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A variant in 3'-untranslated region of KRAS compromises its interaction with hsa-let-7g and contributes to the development of lung cancer in patients with COPD

Authors Hu H, Zhang L, Teng G, Wu Y, Chen Y

Received 27 February 2015

Accepted for publication 9 April 2015

Published 17 August 2015 Volume 2015:10(1) Pages 1641—1649

DOI https://doi.org/10.2147/COPD.S83596

Checked for plagiarism Yes

Review by Single anonymous peer review

Peer reviewer comments 2

Editor who approved publication: Dr Richard Russell


Hua Hu,1 Linlin Zhang,1 Geling Teng,1 Yanhua Wu,1 Ying Chen2

1The Respiratory Department, Shandong Provincial Chest Hospital, 2The Clinical Laboratory of Shandong Provincial Chest Hospital, Jinan, Shandong, People’s Republic of China

Objective: The objective of the present study was to explore the molecular mechanism by which a single nucleotide polymorphism (rs712) interferes with interaction between 3'-untranslated region (3'-UTR) of KRAS and let-7g, and its association with development of lung cancer in the patients with COPD.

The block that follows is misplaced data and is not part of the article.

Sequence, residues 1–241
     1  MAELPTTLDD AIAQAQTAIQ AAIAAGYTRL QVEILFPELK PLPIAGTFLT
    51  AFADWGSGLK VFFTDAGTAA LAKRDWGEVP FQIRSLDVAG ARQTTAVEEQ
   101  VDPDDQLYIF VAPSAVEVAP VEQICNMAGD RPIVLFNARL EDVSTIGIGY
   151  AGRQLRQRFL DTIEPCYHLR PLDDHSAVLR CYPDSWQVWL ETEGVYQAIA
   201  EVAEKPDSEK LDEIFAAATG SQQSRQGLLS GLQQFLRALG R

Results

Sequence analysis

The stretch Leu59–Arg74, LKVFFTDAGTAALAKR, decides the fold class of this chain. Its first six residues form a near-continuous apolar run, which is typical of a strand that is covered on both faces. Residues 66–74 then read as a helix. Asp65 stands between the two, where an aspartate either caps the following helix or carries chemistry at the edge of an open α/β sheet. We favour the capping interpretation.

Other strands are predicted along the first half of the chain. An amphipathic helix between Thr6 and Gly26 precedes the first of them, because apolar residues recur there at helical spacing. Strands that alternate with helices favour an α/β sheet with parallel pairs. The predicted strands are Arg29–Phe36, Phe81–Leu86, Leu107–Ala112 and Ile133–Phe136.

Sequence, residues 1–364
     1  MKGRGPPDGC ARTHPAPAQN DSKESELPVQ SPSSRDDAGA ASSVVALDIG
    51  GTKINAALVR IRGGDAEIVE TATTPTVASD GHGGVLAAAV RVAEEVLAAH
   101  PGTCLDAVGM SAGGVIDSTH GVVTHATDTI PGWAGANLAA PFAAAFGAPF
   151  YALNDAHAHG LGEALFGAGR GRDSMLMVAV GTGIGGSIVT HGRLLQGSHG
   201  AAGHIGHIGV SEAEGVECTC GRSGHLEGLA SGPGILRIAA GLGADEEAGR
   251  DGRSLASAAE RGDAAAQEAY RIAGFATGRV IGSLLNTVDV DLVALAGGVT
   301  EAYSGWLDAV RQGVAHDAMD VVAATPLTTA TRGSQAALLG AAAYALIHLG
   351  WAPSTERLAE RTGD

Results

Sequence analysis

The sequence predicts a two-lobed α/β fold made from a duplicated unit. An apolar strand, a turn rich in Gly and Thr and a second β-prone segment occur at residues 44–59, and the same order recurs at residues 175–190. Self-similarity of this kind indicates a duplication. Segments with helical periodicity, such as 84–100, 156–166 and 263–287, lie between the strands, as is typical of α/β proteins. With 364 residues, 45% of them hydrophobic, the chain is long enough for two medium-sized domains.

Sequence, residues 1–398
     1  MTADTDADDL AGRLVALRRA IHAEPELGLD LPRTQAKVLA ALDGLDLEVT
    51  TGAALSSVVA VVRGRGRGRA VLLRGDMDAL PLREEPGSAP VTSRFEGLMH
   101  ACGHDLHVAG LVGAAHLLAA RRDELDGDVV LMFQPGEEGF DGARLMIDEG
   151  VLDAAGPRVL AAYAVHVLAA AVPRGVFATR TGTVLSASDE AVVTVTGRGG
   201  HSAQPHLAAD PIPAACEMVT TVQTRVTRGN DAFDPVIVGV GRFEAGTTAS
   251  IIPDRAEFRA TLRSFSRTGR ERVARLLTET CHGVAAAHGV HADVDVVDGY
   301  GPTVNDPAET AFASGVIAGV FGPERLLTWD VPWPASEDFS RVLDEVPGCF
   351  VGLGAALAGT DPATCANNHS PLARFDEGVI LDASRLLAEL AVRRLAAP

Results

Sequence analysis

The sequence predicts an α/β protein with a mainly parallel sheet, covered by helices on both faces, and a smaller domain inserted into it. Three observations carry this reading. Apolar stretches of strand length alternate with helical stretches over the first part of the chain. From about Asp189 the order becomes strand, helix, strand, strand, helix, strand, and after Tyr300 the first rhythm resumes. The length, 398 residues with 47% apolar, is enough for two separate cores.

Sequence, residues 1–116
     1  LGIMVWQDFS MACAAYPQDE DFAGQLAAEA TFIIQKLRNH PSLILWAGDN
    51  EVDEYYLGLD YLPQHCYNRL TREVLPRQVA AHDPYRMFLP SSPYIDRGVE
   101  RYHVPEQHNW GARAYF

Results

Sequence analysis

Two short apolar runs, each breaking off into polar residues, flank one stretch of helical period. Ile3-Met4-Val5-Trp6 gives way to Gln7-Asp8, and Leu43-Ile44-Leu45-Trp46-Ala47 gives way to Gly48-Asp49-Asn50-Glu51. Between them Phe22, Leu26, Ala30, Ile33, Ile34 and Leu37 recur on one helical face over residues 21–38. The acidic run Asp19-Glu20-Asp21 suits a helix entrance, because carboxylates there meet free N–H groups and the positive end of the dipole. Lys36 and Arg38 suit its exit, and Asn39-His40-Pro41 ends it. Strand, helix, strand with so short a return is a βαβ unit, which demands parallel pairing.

Materials and methods: In this study, we confirmed that KRAS is a target of let-7g in lung cancer cells, and that introduction of rs712 minor allele into 3'-UTR significantly compromised the miRNA/mRNA interaction by using a luciferase reporter system. Additionally, a total of 35 lung tissue samples were obtained (TT:17, TG:12, GG:6), and let-7g and KRAS expression levels were determined.
Results: We showed that let-7g level was similar between groups, and the concentration of KRAS in GG genotype group was significantly higher than in TT or GT genotype group. Meanwhile, we found COPD patients with GG genotype had significantly higher risk for lung cancer (odds ratio OR =6.83, P=0.0081), compared with TT and GT genotypes.
Conclusion: Our study demonstrated that KRAS 3'-UTR rs712 polymorphism interfered with miRNA/mRNA interaction, and showed that the minor allele was associated with an elevated risk for development of lung cancer in COPD.

Keywords: let-7g, chronic obstructive pulmonary disease, lung cancer, KRAS, single nucleotide polymorphism

Introduction